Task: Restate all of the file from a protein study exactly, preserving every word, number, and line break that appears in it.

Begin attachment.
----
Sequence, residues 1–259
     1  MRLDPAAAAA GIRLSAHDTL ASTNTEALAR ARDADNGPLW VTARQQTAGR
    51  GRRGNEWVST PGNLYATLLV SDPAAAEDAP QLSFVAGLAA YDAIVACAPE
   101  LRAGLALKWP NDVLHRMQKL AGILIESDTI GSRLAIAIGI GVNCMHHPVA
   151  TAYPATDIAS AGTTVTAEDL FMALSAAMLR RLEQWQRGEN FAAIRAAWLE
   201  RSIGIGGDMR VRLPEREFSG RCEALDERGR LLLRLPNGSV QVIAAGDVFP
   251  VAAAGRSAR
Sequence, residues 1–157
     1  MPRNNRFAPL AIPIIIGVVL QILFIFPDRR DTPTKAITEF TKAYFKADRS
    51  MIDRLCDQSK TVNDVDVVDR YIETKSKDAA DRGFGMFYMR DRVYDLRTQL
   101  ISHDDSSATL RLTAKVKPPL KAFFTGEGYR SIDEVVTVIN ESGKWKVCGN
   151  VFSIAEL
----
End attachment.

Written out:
Sequence, residues 1–259
     1  MRLDPAAAAA GIRLSAHDTL ASTNTEALAR ARDADNGPLW VTARQQTAGR
    51  GRRGNEWVST PGNLYATLLV SDPAAAEDAP QLSFVAGLAA YDAIVACAPE
   101  LRAGLALKWP NDVLHRMQKL AGILIESDTI GSRLAIAIGI GVNCMHHPVA
   151  TAYPATDIAS AGTTVTAEDL FMALSAAMLR RLEQWQRGEN FAAIRAAWLE
   201  RSIGIGGDMR VRLPEREFSG RCEALDERGR LLLRLPNGSV QVIAAGDVFP
   251  VAAAGRSAR
Sequence, residues 1–157
     1  MPRNNRFAPL AIPIIIGVVL QILFIFPDRR DTPTKAITEF TKAYFKADRS
    51  MIDRLCDQSK TVNDVDVVDR YIETKSKDAA DRGFGMFYMR DRVYDLRTQL
   101  ISHDDSSATL RLTAKVKPPL KAFFTGEGYR SIDEVVTVIN ESGKWKVCGN
   151  VFSIAEL